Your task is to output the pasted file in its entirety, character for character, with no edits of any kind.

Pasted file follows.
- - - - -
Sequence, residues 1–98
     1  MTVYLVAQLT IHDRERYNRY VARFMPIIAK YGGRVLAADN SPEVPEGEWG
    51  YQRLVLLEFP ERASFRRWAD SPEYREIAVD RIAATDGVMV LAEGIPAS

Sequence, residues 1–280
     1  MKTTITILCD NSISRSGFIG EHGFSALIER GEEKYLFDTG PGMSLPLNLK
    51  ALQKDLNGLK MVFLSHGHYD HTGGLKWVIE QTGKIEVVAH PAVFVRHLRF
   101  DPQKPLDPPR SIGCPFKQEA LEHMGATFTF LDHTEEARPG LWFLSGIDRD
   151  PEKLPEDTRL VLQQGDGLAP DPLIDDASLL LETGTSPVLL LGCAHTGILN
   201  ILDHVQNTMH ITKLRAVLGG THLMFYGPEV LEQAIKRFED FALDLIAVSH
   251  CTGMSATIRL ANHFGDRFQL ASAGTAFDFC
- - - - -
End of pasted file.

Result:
Sequence, residues 1–98
     1  MTVYLVAQLT IHDRERYNRY VARFMPIIAK YGGRVLAADN SPEVPEGEWG
    51  YQRLVLLEFP ERASFRRWAD SPEYREIAVD RIAATDGVMV LAEGIPAS

Sequence, residues 1–280
     1  MKTTITILCD NSISRSGFIG EHGFSALIER GEEKYLFDTG PGMSLPLNLK
    51  ALQKDLNGLK MVFLSHGHYD HTGGLKWVIE QTGKIEVVAH PAVFVRHLRF
   101  DPQKPLDPPR SIGCPFKQEA LEHMGATFTF LDHTEEARPG LWFLSGIDRD
   151  PEKLPEDTRL VLQQGDGLAP DPLIDDASLL LETGTSPVLL LGCAHTGILN
   201  ILDHVQNTMH ITKLRAVLGG THLMFYGPEV LEQAIKRFED FALDLIAVSH
   251  CTGMSATIRL ANHFGDRFQL ASAGTAFDFC